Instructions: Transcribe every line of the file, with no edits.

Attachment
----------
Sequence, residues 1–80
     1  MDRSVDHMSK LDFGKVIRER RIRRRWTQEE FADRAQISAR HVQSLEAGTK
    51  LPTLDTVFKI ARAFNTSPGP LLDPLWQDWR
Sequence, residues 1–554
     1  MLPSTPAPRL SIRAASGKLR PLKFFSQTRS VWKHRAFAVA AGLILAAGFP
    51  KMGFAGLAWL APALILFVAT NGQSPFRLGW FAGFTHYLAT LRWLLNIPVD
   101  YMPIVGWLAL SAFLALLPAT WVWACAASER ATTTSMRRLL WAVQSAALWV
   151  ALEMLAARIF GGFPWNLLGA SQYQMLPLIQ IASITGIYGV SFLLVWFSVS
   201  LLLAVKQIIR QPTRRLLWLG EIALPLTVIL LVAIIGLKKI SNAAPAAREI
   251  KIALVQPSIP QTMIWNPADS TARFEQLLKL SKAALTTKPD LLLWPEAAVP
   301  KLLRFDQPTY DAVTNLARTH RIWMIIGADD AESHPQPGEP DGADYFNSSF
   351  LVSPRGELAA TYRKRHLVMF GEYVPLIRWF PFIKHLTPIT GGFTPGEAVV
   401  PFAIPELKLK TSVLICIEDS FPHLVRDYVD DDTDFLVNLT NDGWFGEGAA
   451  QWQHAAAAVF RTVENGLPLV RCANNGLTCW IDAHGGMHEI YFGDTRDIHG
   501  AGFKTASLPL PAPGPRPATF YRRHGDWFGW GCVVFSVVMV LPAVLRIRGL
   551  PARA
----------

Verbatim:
Sequence, residues 1–80
     1  MDRSVDHMSK LDFGKVIRER RIRRRWTQEE FADRAQISAR HVQSLEAGTK
    51  LPTLDTVFKI ARAFNTSPGP LLDPLWQDWR
Sequence, residues 1–554
     1  MLPSTPAPRL SIRAASGKLR PLKFFSQTRS VWKHRAFAVA AGLILAAGFP
    51  KMGFAGLAWL APALILFVAT NGQSPFRLGW FAGFTHYLAT LRWLLNIPVD
   101  YMPIVGWLAL SAFLALLPAT WVWACAASER ATTTSMRRLL WAVQSAALWV
   151  ALEMLAARIF GGFPWNLLGA SQYQMLPLIQ IASITGIYGV SFLLVWFSVS
   201  LLLAVKQIIR QPTRRLLWLG EIALPLTVIL LVAIIGLKKI SNAAPAAREI
   251  KIALVQPSIP QTMIWNPADS TARFEQLLKL SKAALTTKPD LLLWPEAAVP
   301  KLLRFDQPTY DAVTNLARTH RIWMIIGADD AESHPQPGEP DGADYFNSSF
   351  LVSPRGELAA TYRKRHLVMF GEYVPLIRWF PFIKHLTPIT GGFTPGEAVV
   401  PFAIPELKLK TSVLICIEDS FPHLVRDYVD DDTDFLVNLT NDGWFGEGAA
   451  QWQHAAAAVF RTVENGLPLV RCANNGLTCW IDAHGGMHEI YFGDTRDIHG
   501  AGFKTASLPL PAPGPRPATF YRRHGDWFGW GCVVFSVVMV LPAVLRIRGL
   551  PARA